3Dreaming wrote:
ShawnM wrote: I also recommend a LSRM with knowledge of the particular plane you are looking at. Nothing against A&P's, and there are many good ones out there, but when it comes to LSA many A&P's dont know what they dont know.

Just my 2¢


The same can be said of LSRM. As a 35 year plus A&P mechanic who is Rotax, and Flight Design trained actively working on LSA aircraft, I have seen more poor quality work performed on LSA aircraft by LSRM than A&P's. It is not the letters you write next to your certificate number that matters. It is your training and experience that makes the difference.


I couldn't agree more that it's all about the training. My point is that LSRM's are "trained" to work on LSA aircraft (not GA) while most A&P's are not. Do all LSRM's do great work, no, do all A&P's do great work, no. Some A&P's, like yourself, have had the "training" and are the exception to the rule. I know owner/operators assume that "oh, he's a A&P, he's trained to work on my LSA". which couldn't be further from the truth.

The OP was asking about a pre buy, not getting any service. For the record I stated that for a pre buy a LSRM WITH knowledge of said LSA would be a better choice over a A&P. I didn't say anything about the quality of service from either a LSRM or A&P.

TimTaylor
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Re: ESLA

Postby TimTaylor » Sun Jul 14, 2019 4:49 pm

I would want someone who is experienced and knows the airplane. It doesn't matter to me which it is.
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Sling 2 Pilot
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Re: ESLA

Postby Sling 2 Pilot » Sun Jul 14, 2019 6:09 pm

TimTaylor wrote:I would want someone who is experienced and knows the airplane. It doesn't matter to me which it is.


I agree Tim. I want someone who knows my aircraft. They may be a great A&P, IA or LSRM, but do they know the quirks of my type, be it LSA or standard category aircraft?

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ShawnM
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Re: ESLA

Postby ShawnM » Mon Jul 15, 2019 7:20 am

Sling 2 Pilot wrote:
TimTaylor wrote:I would want someone who is experienced and knows the airplane. It doesn't matter to me which it is.


I agree Tim. I want someone who knows my aircraft. They may be a great A&P, IA or LSRM, but do they know the quirks of my type, be it LSA or standard category aircraft?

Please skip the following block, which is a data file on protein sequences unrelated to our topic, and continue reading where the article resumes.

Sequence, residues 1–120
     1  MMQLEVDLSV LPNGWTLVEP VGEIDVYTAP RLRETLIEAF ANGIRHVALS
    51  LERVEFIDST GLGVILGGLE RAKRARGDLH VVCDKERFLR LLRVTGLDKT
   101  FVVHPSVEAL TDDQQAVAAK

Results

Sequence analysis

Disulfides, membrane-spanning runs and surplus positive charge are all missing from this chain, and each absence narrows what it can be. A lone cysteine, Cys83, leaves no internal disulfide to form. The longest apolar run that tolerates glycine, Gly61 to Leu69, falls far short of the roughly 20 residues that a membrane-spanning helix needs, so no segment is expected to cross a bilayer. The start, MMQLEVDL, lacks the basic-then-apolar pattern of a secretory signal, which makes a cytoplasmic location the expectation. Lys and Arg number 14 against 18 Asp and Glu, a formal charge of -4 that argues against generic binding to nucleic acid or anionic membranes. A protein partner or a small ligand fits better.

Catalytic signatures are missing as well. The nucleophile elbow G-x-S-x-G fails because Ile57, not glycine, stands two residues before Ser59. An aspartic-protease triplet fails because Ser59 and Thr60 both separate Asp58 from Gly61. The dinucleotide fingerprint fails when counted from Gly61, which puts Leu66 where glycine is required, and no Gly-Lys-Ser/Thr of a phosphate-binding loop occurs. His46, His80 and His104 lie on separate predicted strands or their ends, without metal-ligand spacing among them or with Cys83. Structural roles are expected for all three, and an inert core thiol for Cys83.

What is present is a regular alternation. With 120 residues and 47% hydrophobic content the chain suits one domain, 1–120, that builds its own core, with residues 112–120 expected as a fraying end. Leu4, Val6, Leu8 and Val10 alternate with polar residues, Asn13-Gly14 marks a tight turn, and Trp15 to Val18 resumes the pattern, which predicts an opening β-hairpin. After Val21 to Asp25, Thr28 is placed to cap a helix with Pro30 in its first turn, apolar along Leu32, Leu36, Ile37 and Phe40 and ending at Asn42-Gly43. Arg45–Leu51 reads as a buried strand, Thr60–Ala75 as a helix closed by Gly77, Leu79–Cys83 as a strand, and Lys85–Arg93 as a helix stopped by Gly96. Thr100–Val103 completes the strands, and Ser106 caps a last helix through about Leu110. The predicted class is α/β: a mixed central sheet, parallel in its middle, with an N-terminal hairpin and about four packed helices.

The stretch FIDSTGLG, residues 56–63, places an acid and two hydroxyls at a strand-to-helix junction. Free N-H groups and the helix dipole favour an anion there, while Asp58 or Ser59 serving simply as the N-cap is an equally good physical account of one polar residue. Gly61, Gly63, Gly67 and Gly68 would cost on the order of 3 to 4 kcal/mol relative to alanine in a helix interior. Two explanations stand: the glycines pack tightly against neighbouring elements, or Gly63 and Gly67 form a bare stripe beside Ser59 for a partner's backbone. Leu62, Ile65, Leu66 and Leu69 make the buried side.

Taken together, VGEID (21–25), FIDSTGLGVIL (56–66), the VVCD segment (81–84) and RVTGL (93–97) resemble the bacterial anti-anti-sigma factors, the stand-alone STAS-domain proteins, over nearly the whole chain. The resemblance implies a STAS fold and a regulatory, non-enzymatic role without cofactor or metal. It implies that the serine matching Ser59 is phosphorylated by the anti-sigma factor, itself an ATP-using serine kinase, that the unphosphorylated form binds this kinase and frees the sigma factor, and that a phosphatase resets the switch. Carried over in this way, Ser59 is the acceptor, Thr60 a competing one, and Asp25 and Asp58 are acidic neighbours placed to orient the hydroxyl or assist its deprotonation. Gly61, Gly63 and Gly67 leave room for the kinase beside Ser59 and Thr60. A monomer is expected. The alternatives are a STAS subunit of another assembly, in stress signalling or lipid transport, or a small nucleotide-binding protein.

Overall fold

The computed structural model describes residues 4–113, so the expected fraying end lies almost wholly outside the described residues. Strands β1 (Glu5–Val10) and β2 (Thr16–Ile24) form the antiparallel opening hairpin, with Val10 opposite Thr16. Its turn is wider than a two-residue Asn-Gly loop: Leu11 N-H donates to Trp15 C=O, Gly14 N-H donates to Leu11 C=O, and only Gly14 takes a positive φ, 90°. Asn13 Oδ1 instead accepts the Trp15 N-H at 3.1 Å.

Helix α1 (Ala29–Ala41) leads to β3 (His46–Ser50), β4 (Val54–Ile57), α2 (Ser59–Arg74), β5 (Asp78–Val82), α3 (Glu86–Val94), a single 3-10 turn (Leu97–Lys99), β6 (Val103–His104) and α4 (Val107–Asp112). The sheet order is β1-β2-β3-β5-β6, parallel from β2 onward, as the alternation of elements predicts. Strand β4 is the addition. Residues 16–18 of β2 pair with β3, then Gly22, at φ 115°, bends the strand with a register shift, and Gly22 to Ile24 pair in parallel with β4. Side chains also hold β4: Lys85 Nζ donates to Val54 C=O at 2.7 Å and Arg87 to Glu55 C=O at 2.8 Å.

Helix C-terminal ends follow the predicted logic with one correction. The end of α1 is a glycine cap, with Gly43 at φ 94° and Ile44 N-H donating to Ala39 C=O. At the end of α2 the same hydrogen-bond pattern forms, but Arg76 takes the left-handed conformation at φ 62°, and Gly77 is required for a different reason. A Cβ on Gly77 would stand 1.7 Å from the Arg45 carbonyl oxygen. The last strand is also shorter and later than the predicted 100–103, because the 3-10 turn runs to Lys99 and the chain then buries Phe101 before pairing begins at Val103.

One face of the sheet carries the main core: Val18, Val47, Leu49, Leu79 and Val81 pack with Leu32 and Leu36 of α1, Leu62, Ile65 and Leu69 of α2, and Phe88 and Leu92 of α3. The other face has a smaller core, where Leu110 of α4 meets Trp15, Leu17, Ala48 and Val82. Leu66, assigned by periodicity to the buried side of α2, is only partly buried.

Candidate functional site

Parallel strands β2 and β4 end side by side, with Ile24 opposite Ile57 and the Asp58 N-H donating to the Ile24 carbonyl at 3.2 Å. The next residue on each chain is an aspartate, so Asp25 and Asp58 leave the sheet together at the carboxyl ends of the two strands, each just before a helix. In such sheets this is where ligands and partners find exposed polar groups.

Everyone has different comfort levels and I agree that it should be someone WITH knowledge of the light sport airplane that he's doing the pre buy on.

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Re: ESLA

Postby rcpilot » Mon Jul 15, 2019 11:42 am

I'll throw this out there. Logistically, when I bought my Zenith E-AB, it was not possible to get an "independent" A&P to do my pre-buy(the annual was current). I allowed the previous owner's mechanic to do it. He basically took everything off the plane that would come off and gave me a detailed tour. Showed me the cylinder compressions and brought me up to speed on work that he had done(earlier in the year he had removed the wing tanks to reseal them). His only recommendation was that I would need new tires(which I ordered when I took delivery and needed as my instructor got a flat flying off the 5 hours the insurance company wanted him to do). As I recall, for whatever reason, he only charged $100. I felt pretty confident between what he showed me and my review of the log books there were no issues. My current A&P had no experience with the plane. He's a good A&P but there is a learning curve(that I'm paying for) but I can't complain about his work. The Rotax owner's site has come in handy as we had to send the gearbox out for it's 600 hour maintenance(and they have a video how to remove/reinstall it).

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MrMorden
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Re: ESLA

Postby MrMorden » Mon Jul 15, 2019 11:58 am

Honestly, I'd take a pre-buy inspection from a person intimately familiar with the airplane type that knows all the common issues with it, even if they have no FAA credentials.
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ShawnM
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Re: ESLA

Postby ShawnM » Mon Jul 15, 2019 12:33 pm

MrMorden wrote:Honestly, I'd take a pre-buy inspection from a person intimately familiar with the airplane type that knows all the common issues with it, even if they have no FAA credentials.


Yup, nothing wrong with that either. Knowing what I now know today about my SportCruiser, I feel extremely confident in doing my own pre-buy if I were to purchase another one. I know the SportCruiser inside and out and every inch in between. :mrgreen: